I have opened a UDP port on the access-list and would like to test the connectivity.
Would you know of any reliable UDP test tool which I can install on a client (Windows/Linux etc) and initiate a UDP request (on specific port) to the server which runs UDP service.
Just google for hping3, there is loads around
and example if generating traffic with hping3 with udp is below:-
hping3 --udp -p 10000 --destport 10000 192.168.1.1
This is sending udp packets from your ip port 1000 to 192.168.1.1 port 10000
When I try
hping --icmp 188.8.131.52
I see repetition of router_get() and 100% packet loss at the end. But plain ping works.
And on doing hping to myself, I can arp_get().
What do I need to do to make it work.
Works fine for me, your install must be broken
# /usr/sbin/hping3 --icmp 184.108.40.206
HPING 220.127.116.11 (eth0 18.104.22.168): icmp mode set, 28 headers + 0 data bytes
len=46 ip=22.214.171.124 ttl=240 DF id=40353 icmp_seq=0 rtt=16.9 ms
len=46 ip=126.96.36.199 ttl=240 DF id=40354 icmp_seq=1 rtt=16.9 ms
len=46 ip=188.8.131.52 ttl=240 DF id=40355 icmp_seq=2 rtt=16.9 ms
len=46 ip=184.108.40.206 ttl=240 DF id=40356 icmp_seq=3 rtt=16.6 ms
When ever I need to do what you are doing I use Netcat.
There are versions for both windows and linux.
realy easy to use and realy nice to test access-lists with.
you can use it both to send and recieve.
When I used NMAP, the 5555 UDP port showed as 'open|filtered'. But when I used 'hping 220.127.116.11 --udp -p 5555', I didn't get any response. Why is it so ?
I will try out Netcat as well.
I would guess that since udp is connectionless and you got no response back that it was NOT open, it would be shown as open|filtered in NMAP.
which means that no packets were recieved telling you that it is NOT open.
Since you get no packet back that is what Hping also is telling you.
The best way to test firewalls/access-lists IMHO is to install a sniffer on the target mashine and then test the type of communication with netcat and a scanner. The scanner to se if anything gets through and netcat to test the connection goes to the intended target mashine and back.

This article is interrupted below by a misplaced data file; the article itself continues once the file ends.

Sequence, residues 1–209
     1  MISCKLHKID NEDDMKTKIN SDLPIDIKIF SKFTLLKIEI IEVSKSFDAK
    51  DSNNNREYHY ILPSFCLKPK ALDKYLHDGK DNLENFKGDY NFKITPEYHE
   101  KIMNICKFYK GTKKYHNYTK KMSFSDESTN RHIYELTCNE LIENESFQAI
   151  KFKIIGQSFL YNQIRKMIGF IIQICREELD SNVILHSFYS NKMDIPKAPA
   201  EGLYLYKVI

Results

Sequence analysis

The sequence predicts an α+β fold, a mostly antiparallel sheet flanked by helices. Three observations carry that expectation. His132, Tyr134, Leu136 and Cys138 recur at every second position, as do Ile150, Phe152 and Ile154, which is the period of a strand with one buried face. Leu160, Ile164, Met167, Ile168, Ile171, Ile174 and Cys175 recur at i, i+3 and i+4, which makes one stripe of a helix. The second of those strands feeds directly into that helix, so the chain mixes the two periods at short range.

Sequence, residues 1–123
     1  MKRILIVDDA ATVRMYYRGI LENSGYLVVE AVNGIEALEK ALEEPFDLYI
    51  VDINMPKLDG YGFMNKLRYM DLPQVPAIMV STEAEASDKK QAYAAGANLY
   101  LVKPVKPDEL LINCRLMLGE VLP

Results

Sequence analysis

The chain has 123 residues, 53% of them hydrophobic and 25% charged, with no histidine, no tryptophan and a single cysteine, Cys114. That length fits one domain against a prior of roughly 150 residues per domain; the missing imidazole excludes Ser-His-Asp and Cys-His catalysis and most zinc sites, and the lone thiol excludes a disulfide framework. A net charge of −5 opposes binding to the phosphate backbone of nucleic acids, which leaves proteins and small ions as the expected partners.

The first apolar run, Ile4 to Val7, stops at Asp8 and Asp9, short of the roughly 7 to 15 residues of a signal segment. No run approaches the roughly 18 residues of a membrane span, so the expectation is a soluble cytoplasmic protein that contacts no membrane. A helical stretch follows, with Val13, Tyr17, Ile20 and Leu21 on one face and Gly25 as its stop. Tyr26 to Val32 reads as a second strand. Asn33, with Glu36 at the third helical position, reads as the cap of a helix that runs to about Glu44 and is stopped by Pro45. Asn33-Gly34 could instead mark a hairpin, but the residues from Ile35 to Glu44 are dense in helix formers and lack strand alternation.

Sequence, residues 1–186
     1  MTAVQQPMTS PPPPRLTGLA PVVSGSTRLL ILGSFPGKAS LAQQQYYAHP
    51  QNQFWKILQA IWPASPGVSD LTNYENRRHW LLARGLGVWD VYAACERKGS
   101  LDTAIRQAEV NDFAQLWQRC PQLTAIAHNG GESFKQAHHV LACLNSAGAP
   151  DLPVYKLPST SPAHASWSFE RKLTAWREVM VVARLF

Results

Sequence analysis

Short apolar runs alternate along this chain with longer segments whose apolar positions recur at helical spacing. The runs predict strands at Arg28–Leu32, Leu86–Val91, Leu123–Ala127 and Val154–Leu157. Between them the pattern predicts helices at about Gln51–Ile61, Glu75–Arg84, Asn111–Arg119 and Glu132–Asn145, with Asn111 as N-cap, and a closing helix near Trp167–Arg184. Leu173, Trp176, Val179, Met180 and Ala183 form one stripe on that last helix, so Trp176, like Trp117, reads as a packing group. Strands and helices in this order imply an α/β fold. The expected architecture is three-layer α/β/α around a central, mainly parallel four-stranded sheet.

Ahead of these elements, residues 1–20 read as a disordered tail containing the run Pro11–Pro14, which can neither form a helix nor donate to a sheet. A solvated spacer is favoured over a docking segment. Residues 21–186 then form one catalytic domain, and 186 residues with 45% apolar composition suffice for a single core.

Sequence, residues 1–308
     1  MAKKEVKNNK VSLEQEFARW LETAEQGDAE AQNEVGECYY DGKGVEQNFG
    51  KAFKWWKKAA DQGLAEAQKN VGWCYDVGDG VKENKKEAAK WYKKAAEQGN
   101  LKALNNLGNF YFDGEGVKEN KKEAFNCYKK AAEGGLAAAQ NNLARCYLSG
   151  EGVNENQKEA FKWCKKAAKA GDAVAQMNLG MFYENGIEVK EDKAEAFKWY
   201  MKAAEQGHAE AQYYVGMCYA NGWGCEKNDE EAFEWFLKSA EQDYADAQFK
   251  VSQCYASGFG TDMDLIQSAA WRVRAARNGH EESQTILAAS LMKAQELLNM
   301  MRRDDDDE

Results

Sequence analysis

hing3 is not a port scanner, it's in essence a packet generator which you can use to (among other things) test firewall rules which is what you asked for is it not ?
Not sure about the netcat output but I would trust nmap more, here is an explanation of the open|filtered
Nmap reports the state combinations open|filtered and closed|filtered when it cannot determine which of the two states describe a port
This suggests that the communication failed.
If you want real proof and have access to the firewall you can do the following.
Add a log entry to your ACL line and see if the counter goes up and if you are logging to console do sh log and you should see a denied syslog message like the following :-
if it's an ASA/PIX/FWSM you can use a similar approach or use the capture command to see if it is making it through the firewall.
Yes that is correct if i understand your question right.
since I am not shure i do understand exactly what you are explaining. I will give an example instead. in a windows environment.
sender(transmitter) ip 18.104.22.168
reciever ip 22.214.171.124 udp port 12345
Sender is in a cmd window.
nc -u 126.96.36.199 12345
access-list 100 permit udp host 188.8.131.52 host 184.108.40.206 eq 12345
applied on the inbound of the interface connected to 220.127.116.11
reciever is in a cmd window.
nc -u -e cmd.exe -L -p 12345
this would give the result that NC after 2 enters in the senders cmd window will show up a "dos" promt of the 18.104.22.168 computer in the cmd window of 22.214.171.124
(do a ipconfig to be shure)
If the access-list is wrong and fails then nc would not have a connection.
if the access-list is correct and works it would let the udp traffic from 126.96.36.199 to 188.8.131.52 port 12345 pass and since the return traffic is not inspected it will (providing routes are correct) work just fine.
If you have a more complicated access-list I would put a monitor on the recieving port of the switch that goes to the target. then start a sniff and start hammering away with the nmap portscanner.
why sniff ?
well you want to know if the packets get there, if you only check connections then you might miss that you can have one way traffic going through.
you might not be able to get a tcp connection but still get information to a listener on the other side.
Ok. Let me get it right. Is it necessary to initiate an nc command from the receiver end if there is already an application running on it on the relevant udp port.
In my case, I have just initiated nc from sender side and expect the application on receiving end to send back the packets.
Actually no you do not need a sender and a reciever, but it helps out to know what you would expect back.
some applications dont send a response.
and this is especialy true for UDP applications. syslog fx. simply because its just one way communication.
Since UDP is a connectionless protocol you dont have the status of the connection in the protocol to help you know if or if not you have buggered up somewhere.
Thats why I like to use a sender AND a reciever when testing rules. especially
It just feels better to have control of both ends.